// instance variables
    private V element;
    private Node<V> next;

    // methods, constructor first
    public Node () 
    {
        this (null, null);      // call the constructor with two args
    }  // end no argument constructor
    public Node (V element, Node<V> next) 
    {
        this.element = element;
        this.next = next;
    }  // end constructor with arguments

    // set/get methods
    public V getElement () 
    { 
        return element; 
    }
    public Node<V> getNext () 
    { 
        return next; 
    }
    public void setElement (V element) 
    { 
        this.element = element; 
    }
    public void setNext (Node<V> next) 
    { 
        this.next = next; 
    }

}  // end class Node

and finally GameEntry.java

package Project_1;

public class GameEntry 
{
    protected String name;  // name of the person earning this score
    protected int score;    // the score value
    /** Constructor to create a game entry */
    public GameEntry(String name, int score) 
    {
      this.name = name;
      this.score = score;
    }
    /** Retrieves the name field */
    public String getName() 
    { 
        return name; 
    }
    /** Retrieves the score field */
    public int getScore() 
    { 
        return score; 
    }
    /** Returns a string representation of this entry */
    public String toString() 
    { 
      return name + ", " + score + "\n"; 
    }

}

EDIT POINT I created a driver called Scores.java, in it so far all I have is **I have added what I THINK i need for the classes, I'm probably wrong though:

package Project_1;

import chapter3.linkedList.*;

import java.util.*;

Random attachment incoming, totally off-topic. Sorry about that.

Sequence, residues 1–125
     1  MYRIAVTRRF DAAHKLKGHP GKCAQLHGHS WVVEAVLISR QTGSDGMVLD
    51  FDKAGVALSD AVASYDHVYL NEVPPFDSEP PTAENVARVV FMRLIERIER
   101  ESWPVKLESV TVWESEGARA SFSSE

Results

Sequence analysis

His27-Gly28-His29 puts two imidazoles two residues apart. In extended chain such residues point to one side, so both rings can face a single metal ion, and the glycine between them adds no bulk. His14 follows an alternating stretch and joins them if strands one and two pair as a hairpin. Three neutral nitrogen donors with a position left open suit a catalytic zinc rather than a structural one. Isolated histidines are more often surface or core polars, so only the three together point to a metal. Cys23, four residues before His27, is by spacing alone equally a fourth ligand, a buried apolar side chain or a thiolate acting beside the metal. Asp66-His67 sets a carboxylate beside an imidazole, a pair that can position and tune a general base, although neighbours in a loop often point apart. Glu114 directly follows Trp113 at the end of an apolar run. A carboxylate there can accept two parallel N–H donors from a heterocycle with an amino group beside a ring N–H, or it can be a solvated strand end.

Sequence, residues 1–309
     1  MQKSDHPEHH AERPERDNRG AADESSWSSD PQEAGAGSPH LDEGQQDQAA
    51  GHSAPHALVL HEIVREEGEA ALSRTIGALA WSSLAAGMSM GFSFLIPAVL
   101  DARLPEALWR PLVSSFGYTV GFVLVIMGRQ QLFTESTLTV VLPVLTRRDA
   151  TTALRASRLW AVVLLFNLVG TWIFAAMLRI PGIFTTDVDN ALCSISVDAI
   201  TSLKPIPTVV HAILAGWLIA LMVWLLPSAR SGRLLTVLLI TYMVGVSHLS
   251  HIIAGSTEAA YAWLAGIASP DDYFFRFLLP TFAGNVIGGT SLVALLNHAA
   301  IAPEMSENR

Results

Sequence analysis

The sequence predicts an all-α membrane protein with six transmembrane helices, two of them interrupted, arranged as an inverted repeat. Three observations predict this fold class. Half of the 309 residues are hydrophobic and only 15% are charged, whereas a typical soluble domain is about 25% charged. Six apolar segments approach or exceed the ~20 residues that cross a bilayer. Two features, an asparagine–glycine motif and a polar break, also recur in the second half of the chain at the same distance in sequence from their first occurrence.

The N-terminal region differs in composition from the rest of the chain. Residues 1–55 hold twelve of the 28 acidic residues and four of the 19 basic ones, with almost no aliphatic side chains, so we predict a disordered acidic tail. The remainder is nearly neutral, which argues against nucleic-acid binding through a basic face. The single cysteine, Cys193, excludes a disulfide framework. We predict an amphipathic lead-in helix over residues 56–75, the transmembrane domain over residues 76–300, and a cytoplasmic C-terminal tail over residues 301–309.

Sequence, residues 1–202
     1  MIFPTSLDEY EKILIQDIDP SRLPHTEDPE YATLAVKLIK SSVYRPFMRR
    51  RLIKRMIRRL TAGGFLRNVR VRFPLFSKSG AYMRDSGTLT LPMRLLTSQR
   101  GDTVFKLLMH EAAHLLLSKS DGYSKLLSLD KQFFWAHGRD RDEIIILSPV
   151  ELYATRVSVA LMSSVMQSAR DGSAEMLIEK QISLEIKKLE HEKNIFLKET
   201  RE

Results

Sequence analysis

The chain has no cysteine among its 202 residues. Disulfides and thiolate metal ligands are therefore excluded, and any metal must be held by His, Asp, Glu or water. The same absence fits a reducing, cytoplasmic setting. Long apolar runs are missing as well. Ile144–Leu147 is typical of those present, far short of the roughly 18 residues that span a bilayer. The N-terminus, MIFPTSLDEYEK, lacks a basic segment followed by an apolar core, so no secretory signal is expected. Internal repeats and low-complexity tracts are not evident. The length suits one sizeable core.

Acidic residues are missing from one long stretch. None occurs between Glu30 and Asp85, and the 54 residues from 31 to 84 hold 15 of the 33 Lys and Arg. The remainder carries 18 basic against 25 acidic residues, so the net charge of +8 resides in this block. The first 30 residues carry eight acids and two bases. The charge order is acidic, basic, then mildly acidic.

/** Class for storing high scores in an array in non-decreasing order. */
public class Scores 
{

    //add function
    public SLinkedList<GameEntry> add(GameEntry rank, SLinkedList<GameEntry> scores)
    {
        Node<GameEntry> currentNode = scores.getFirst();
        Node<GameEntry> nextNode = null;
        Node<GameEntry> previousNode = null;
        Node<GameEntry> newNode = new Node<GameEntry>();
        newNode.setElement(rank);

        if(scores.getSize() == 0)
        {
            scores.addFirst(newNode);
        }
        else
        {
            while(currentNode != null)
            {               
                nextNode = currentNode.getNext();
                if(nextNode == null)
                {
                    scores.addLast(newNode);
                }
                else
                {
                    scores.addAfter(currentNode, newNode);
                    break;
                }               
            previousNode = currentNode;
            currentNode = currentNode.getNext();
            }
        }
        return scores;
    }

    //remove function
    public void remove(int i)
    {

    }

    //print function
    /*gameenter printing; 
printing=node.Getelement;           //pseudo code for making it work right
print(printing.getscore) 
print(print.getname) 
*/
    public void print(SLinkedList<GameEntry> scores)
    {
        Node<GameEntry> currentNode = scores.getFirst();